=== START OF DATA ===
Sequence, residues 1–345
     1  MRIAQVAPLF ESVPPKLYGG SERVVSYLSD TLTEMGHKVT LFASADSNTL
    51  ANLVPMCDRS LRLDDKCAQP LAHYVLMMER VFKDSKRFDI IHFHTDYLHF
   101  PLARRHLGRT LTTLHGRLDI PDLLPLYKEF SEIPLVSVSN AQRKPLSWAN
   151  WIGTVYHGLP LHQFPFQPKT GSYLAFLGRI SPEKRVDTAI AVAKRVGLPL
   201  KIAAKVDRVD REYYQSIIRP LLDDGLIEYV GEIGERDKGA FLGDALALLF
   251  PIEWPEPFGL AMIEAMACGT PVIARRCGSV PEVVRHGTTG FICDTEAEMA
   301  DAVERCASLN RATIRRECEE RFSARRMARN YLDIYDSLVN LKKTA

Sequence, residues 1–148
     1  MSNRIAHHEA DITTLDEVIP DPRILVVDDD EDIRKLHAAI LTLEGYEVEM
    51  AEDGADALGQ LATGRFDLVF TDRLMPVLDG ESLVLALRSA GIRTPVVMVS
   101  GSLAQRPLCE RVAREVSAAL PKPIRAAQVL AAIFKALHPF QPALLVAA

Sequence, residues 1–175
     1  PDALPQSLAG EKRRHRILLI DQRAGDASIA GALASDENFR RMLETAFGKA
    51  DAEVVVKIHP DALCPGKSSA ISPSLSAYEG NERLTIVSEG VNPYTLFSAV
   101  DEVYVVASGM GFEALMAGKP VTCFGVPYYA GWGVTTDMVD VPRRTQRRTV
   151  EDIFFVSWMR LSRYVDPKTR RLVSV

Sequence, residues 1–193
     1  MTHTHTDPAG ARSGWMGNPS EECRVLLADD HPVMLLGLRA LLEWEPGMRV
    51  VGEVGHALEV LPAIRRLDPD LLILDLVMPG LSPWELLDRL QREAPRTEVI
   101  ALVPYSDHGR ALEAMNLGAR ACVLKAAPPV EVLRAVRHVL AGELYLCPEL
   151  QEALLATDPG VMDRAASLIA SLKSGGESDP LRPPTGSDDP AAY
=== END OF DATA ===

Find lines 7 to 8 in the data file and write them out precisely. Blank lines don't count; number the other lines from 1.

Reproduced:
   251  PIEWPEPFGL AMIEAMACGT PVIARRCGSV PEVVRHGTTG FICDTEAEMA
   301  DAVERCASLN RATIRRECEE RFSARRMARN YLDIYDSLVN LKKTA